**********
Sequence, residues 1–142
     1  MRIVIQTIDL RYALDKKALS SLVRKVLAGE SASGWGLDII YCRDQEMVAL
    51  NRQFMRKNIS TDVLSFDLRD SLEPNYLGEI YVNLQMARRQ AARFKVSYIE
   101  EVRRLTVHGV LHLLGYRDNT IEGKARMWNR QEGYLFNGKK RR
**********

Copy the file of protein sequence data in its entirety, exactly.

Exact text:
Sequence, residues 1–142
     1  MRIVIQTIDL RYALDKKALS SLVRKVLAGE SASGWGLDII YCRDQEMVAL
    51  NRQFMRKNIS TDVLSFDLRD SLEPNYLGEI YVNLQMARRQ AARFKVSYIE
   101  EVRRLTVHGV LHLLGYRDNT IEGKARMWNR QEGYLFNGKK RR